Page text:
So what's everybody so worried about? Well for one thing, agency fees haven't kept pace with client spends, Woodford argues. For another, there's the readjustment to a world of low inflation. This prevents agencies passing on extra costs to their clients who, because of over-capacity and intensified competition, can't recoup such costs from their own customers.

However, Woodford doesn't share the popular belief that agencies as currently structured aren't geared to meet the demands of today's clients.

Sure, innovative and trail-blazing agencies such as Mother do change the industry over time, just as HHCL & Partners did a decade earlier, he argues. But hotshops and agency powerhouses have more in common than divides them. Both bring business, strategic and creative skills to bear on a client's problem.

"That's the magic agencies have over other businesses and consultancies. They can think and they can do," he declares. "The basic agency model has been remarkably resilient."

As far as creative departments are concerned, though, he acknowledges that there's work still to be done. Too little training and an almost non-existent appraisal system is creating an environment that's too Darwinian for a modern business, Woodford suggests.

Haines spent his presidency putting creativity at the heart of IPA activity.

Now his successor sees a better qualified creative workforce as a means of aiding that process. "I want to see creative people better trained in their craft," he says. "At the moment, there's too much of a sink-or-swim approach, which is limiting and causes too much mimicking of the creative style of the day."

On the IPA's other big issues, Woodford balances cautiousness with a desire for action. The IPA entered a political minefield last year when it floated the idea of a "supergroup" to act as the single voice of the communications industry.

For the moment this grand design has got no further than the formation of the Communications Agencies Federation, allowing the IPA and two other trade bodies to pursue issues of com-mon interest.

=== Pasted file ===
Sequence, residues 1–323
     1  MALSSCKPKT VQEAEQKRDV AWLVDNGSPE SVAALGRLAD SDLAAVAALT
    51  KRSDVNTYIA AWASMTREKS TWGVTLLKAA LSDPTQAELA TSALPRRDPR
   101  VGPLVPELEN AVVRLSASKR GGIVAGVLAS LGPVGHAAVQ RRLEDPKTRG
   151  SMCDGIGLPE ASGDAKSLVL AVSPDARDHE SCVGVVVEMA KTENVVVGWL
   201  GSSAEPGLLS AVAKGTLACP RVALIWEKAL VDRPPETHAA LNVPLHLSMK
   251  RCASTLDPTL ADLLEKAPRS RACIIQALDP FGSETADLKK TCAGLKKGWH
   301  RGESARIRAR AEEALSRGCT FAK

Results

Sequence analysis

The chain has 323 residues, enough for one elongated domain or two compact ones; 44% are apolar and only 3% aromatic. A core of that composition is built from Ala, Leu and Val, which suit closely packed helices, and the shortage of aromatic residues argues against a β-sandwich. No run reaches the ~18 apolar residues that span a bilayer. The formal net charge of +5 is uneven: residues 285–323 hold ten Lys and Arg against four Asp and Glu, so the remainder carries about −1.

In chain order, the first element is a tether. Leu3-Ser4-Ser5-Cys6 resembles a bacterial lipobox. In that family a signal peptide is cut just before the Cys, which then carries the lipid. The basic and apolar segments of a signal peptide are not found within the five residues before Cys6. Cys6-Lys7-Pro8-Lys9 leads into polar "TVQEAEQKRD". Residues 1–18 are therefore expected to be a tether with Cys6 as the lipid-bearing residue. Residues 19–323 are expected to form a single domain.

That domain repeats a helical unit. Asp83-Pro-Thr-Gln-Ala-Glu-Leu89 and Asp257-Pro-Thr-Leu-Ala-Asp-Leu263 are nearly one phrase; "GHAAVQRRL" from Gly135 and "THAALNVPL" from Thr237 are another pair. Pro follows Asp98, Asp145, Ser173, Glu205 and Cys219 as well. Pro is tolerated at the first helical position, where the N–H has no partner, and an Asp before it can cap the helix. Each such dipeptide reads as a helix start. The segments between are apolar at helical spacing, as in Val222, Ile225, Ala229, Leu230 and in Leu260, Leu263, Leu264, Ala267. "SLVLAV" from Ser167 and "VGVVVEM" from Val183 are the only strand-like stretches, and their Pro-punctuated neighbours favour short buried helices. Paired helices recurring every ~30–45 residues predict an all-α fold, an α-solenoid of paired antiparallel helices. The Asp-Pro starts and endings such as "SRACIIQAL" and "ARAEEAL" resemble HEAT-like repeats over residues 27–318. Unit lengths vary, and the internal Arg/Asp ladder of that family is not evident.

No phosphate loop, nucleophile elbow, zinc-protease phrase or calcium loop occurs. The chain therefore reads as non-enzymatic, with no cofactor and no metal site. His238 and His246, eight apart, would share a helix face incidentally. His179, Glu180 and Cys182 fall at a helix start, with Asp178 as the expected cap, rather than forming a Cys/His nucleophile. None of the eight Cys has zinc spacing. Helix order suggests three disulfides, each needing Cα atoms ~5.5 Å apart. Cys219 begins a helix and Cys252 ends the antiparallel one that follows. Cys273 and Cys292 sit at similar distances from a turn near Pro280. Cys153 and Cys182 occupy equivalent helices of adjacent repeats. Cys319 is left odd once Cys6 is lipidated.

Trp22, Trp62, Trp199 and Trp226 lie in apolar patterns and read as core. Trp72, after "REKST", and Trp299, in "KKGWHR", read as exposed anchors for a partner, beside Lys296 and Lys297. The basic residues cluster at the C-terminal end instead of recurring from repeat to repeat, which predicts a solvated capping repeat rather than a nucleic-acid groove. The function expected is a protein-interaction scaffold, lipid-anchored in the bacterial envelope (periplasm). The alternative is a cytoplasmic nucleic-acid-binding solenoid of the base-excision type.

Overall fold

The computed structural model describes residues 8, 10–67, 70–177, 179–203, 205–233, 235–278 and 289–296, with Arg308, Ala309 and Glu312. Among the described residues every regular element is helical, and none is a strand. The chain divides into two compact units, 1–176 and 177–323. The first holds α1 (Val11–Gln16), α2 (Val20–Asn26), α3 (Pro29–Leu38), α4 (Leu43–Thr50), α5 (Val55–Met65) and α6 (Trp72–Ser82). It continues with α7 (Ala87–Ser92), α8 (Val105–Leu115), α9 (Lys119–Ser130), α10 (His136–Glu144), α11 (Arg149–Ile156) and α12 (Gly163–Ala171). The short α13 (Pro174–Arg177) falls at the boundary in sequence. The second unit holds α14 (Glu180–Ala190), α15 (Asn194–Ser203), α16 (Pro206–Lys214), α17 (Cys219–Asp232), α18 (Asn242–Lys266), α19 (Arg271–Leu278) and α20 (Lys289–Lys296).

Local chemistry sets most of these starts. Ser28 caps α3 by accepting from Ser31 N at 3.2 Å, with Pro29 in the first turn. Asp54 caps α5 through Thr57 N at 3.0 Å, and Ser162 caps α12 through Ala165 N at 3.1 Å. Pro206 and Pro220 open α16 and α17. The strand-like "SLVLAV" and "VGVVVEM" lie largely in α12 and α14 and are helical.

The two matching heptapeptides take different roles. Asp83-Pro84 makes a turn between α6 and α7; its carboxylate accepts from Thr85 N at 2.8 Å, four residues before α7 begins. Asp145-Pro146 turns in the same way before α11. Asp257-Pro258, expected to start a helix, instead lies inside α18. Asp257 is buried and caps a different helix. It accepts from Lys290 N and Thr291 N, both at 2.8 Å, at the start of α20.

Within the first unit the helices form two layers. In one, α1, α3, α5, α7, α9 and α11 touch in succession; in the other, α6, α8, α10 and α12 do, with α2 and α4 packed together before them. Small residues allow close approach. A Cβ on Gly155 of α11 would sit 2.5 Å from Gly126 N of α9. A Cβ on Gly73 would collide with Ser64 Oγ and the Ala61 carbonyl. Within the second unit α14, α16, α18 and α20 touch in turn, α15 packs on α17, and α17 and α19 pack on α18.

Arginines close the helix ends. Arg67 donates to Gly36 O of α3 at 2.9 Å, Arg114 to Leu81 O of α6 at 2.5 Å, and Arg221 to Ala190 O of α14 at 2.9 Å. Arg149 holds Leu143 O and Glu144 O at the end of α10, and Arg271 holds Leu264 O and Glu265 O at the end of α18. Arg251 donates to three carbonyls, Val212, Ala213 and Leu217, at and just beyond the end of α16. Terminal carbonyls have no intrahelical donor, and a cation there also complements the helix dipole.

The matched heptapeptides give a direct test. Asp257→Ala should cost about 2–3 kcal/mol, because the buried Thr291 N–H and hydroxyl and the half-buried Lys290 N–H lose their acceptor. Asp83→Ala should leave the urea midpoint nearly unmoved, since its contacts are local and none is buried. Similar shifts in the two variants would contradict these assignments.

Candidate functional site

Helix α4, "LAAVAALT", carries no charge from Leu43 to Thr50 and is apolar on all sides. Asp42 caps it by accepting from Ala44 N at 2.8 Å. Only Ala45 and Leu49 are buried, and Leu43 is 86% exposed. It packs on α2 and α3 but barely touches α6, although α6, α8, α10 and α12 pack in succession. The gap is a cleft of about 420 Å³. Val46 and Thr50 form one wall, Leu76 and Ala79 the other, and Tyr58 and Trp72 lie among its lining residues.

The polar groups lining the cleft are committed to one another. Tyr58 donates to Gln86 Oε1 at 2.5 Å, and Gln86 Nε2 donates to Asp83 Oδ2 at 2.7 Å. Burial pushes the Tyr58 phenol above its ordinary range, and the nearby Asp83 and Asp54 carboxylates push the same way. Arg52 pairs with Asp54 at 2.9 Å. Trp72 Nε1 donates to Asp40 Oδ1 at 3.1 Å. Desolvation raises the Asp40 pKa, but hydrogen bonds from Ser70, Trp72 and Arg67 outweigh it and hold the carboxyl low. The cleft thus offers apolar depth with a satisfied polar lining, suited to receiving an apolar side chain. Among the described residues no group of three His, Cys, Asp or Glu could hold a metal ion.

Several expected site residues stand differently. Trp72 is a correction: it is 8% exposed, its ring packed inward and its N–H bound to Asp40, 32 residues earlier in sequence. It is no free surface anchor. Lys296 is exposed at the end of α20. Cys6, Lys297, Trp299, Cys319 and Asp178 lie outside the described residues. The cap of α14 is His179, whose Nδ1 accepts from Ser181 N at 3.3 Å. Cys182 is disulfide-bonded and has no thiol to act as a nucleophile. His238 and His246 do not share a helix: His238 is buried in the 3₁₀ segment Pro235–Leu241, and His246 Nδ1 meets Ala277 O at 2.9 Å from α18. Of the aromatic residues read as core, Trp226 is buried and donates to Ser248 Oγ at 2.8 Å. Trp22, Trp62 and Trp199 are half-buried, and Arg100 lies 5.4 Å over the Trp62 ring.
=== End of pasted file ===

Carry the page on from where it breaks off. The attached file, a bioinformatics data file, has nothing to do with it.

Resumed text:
So is the "supergroup" idea dead? "It's still possible and it's good that the IPA has taken the lead in the debate," Woodford answers. "But the process has to be evolutionary. It can't be forced."

He's less laid-back on the topic of the industry's attitude to ethnic minorities. Woodford has been leading the IPA's project on what the industry can do to improve its record. This is due to culminate in June, when the IPA's guide to ethnic marketing goes online.

He's anxious this shouldn't be interpreted as token political correctness.

Rather it should be seen, he says, as a valuable source of help to agencies and clients to communicate profitably with the large ethnic communities now established in many of Britain's urban conurbations. There's also the tricky issue of balancing the need to have more people from ethnic groups represented in mainstream advertising while being sensitive to cultural differences.

At the same time, Woodford wants to demolish perceptions of agencies as white middle-class bastions choc-a-block with Oxbridge types and unwelcoming of any would-be recruits from ethnic backgrounds.

"Talking to people from ethnic minorities who currently work in advertising shows that the business is about as open as it's possible to be to anyone, whatever their background," he claims.

It's pure Catch 22, of course. No ethnic role models within agencies so nobody from an ethnic minority bothers to apply for a job. Which is why there's no ethnic role models. Can the cycle be broken? Maybe not until more people see the big picture.